Sure, you can prepare for the changes in small ways. For example, around 4 months you have to stop swaddling babies because they can roll over. To prepare for this (my baby is 3.5 months)  I read a few blog posts and borrowed some transitional swaddles from a neighbor. What I deliberately avoided was going down the internet research rabbit hole and spending $200 on gear. What’s the point? My baby might not care about being unswaddled—he may do fine cold turkey. Or it’ll be a battle and we’ll have to gear up and read up. No amount of speculation and preparation will change the fact that we simply won’t know until we get there.

We weren’t as good at this in the beginning. We got excited about a bassinet that got rave internet reviews—swivel top, mesh sides, adjustable heights, the works—but the baby refused to sleep in it, though we tried night after night after night. This thing was expensive! He had to like it! Nope. He adored a $42 sleeper with a reclined back. After a few painful weeks, we let go of the bassinet and all slept like champs. It was hard to let go of the bassinet – that thing was expensive and fancy.

I see this is an allegory for organizational life. We often over-invest in structures, systems, tools, training, and plans to prepare for a future that we can’t actually predict. It makes us feel secure (we need the best bassinet and all the swaddles), but in reality, it has perverse consequences. We get stuck on the wrong thing because we’ve put so much time on it. In doing so, we miss the actual need right in front of us.

In times of stress, we get stuck taking familiar actions because they are comfortable and predictable. We announce a new strategic plan, roll out a new change program. There’s a launch, an external consultant, meetings, trainings, a new slogan, tool kits. But does it work? Rarely, in my experience. People do it because they know how and it reduces stress to do something, even if no one expects it to work. It’s an action orientation, as opposed to a results one.

We can’t control what happens in the future. The most we can do is minimum viable preparation (inexpensive, low time investment). Then, observe, diagnose, act, and iterate.

I’m proud to say Tracy and I are getting pretty good at this as parents – we’ve had to.

This is hard for the perfectionist in me. I love to over-prepare. But if I’ve learned one thing from parenting it’s that trying to control things is futile. It’s a hard pill to swallow, but it think it’s going to save me a lot of time when I get back to work.

3. Parents know that crying is a signal that change is coming

About six weeks after the baby was born, I noticed a pattern in his crying that dramatically shifted the way I approached parenting. It was mid-afternoon and I was trying to put the baby down for a nap. He was overtired and cranky. I’d been at it for 20 minutes, rocking and shushing him. I tried everything in my bag of tricks. Instead of calming down, he was cranking up, thrashing in his swaddle, arching his back, and, worst of all, he was crying. Hard.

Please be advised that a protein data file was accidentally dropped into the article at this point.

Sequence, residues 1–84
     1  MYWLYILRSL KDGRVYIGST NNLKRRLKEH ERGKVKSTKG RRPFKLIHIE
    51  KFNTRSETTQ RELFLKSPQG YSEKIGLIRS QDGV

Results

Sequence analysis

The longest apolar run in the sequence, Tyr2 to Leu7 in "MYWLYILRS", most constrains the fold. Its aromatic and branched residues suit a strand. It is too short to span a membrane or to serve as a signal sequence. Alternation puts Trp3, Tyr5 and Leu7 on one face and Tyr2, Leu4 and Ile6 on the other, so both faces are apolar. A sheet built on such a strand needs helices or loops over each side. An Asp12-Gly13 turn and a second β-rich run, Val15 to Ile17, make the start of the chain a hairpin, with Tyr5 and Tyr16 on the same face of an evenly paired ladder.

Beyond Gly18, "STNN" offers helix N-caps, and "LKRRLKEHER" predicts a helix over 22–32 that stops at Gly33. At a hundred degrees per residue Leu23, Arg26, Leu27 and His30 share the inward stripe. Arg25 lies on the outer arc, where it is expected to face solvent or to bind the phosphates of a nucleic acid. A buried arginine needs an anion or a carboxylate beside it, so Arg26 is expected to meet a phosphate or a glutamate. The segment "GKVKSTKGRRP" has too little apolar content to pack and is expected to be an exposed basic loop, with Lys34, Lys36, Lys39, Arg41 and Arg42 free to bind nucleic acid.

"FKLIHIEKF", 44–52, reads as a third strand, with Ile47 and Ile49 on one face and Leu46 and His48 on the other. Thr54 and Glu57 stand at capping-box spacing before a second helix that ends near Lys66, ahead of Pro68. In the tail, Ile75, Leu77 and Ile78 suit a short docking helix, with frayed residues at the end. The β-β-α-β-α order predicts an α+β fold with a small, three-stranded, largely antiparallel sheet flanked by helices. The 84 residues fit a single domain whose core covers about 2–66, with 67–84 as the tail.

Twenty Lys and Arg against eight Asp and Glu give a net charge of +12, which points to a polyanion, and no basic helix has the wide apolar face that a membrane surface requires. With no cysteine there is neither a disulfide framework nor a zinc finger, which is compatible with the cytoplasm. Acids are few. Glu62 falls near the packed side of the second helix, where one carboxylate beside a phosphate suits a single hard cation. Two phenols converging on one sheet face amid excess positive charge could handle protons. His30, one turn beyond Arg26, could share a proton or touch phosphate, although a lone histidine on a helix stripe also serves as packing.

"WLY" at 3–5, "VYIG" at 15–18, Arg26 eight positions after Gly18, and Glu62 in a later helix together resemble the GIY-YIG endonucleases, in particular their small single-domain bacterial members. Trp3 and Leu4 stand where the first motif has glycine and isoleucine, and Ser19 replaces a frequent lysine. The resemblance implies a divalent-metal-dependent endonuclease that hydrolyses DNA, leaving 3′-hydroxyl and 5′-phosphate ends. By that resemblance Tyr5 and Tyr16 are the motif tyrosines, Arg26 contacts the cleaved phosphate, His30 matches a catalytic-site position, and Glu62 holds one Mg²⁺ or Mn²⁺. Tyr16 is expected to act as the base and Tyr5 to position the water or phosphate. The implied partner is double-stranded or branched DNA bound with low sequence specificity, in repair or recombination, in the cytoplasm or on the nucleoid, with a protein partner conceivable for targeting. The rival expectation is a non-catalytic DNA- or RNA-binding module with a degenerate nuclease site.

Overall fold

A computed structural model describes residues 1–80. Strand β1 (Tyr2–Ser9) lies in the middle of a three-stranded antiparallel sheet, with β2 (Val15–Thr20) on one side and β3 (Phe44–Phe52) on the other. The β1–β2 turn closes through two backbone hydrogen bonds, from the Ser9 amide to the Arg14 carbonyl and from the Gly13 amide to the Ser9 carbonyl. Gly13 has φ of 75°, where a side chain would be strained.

I was frustrated and upset, worried I was doing something wrong. His crying only seemed to be getting worse, more desperate. Just as I was about to throw in the towel, his body suddenly calmed, his crying stopped, and he settled into a peaceful sleep. When I thought back over the past week, he’d done this over and over. He’d cried hard before a each nap, no matter the situation, with the worst crying happening right before he transitioned to sleep.

I realized I had been thinking about his crying all wrong. I’d been telling myself that his cries meant “I hate this, please stop. I don’t want to nap!”  That day, I understood that his cries meant “I’m so tired and ready to sleep, but I don’t know how to get there. I need your help to get through the transition so I can rest.” In that moment, I understood that I had to let go of my wish that my baby would fall asleep peacefully, and embrace the reality that crying was an important signal that he was trying to change from one state to another.

This is a fascinating moment of me misinterpreting his feedback. His crying wasn’t a sign I was doing something wrong, it was a sign of something right. I just had to withstand the delay. Crying was a right of passage for him, a precondition for change. Discomfort and resistance are a part of transition for him, as it is for many of us. The only way to get from tears to sleep was to stick with the discomfort. I couldn’t move around it, I had to move through it.

This had resonance in other areas of my life, far beyond my newborn. I thought back to all the times I’d backed away from difficult transitions because I couldn’t stand the “crying”. If only I’d better understood that discomfort (and sometimes actual crying) is a signal that change is coming. When I was able to see his crying differently, I found a well of strength within me to draw on in the tough moments. What had felt like enduring something awful became an opportunity to persist with purpose and emerge in a new, better state, together.

Parents know that tears are part of the bargain sometimes. They may not be pleasant, but they just might be necessary.

When I return to work, I’ll be trying to staying present in the moments that feel like the adult version of crying. I’m going to draw on the strength I’ve cultivated through parenting to stay patient and caring when I and others are suffering, and recognize that sometimes, that means we’re on our way to a better place.

Caregiving is the future of work

When I imagine the future of work, I see caregivers held up as a model of the kind of workers our world needs in order to thrive. I see caregivers recognized as valuable and paid fair wages for their work. I see parents with paid leave who are welcomed back into a workforce that sees their experiences as an asset, not a liability.

When I image the future of work, I see workspaces that recognize that many parents and caregivers already have the problem solving skills that organizations are desperate to train them in. In fact, many of us already navigate uncertainty, experiment, and respond to change in other areas of our life. But the way we’ve been expected to work in organizations for the last 100 years has ignored or marginalized these problem-solving strategies that have been a part of human families and communities for millennia.

We have to recognize the ancient wisdom of parents and caregivers and find space in our professional lives to draw on their skills.

Here’s the thing: Being a caregiver is a feature, not a bug. Let’s honor that. Frankly, we can’t afford not to.

Karina Mangu-Ward is director of org design at August, a firm that builds high performing teams for the 21st century.